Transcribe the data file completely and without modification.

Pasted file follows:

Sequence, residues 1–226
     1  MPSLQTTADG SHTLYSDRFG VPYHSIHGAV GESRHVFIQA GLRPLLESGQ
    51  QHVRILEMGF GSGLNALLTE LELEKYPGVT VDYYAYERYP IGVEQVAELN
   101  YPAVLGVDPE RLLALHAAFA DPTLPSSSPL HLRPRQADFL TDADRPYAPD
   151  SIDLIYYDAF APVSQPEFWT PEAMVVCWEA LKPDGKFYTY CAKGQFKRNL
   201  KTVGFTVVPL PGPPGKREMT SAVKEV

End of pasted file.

Sequence, residues 1–226
     1  MPSLQTTADG SHTLYSDRFG VPYHSIHGAV GESRHVFIQA GLRPLLESGQ
    51  QHVRILEMGF GSGLNALLTE LELEKYPGVT VDYYAYERYP IGVEQVAELN
   101  YPAVLGVDPE RLLALHAAFA DPTLPSSSPL HLRPRQADFL TDADRPYAPD
   151  SIDLIYYDAF APVSQPEFWT PEAMVVCWEA LKPDGKFYTY CAKGQFKRNL
   201  KTVGFTVVPL PGPPGKREMT SAVKEV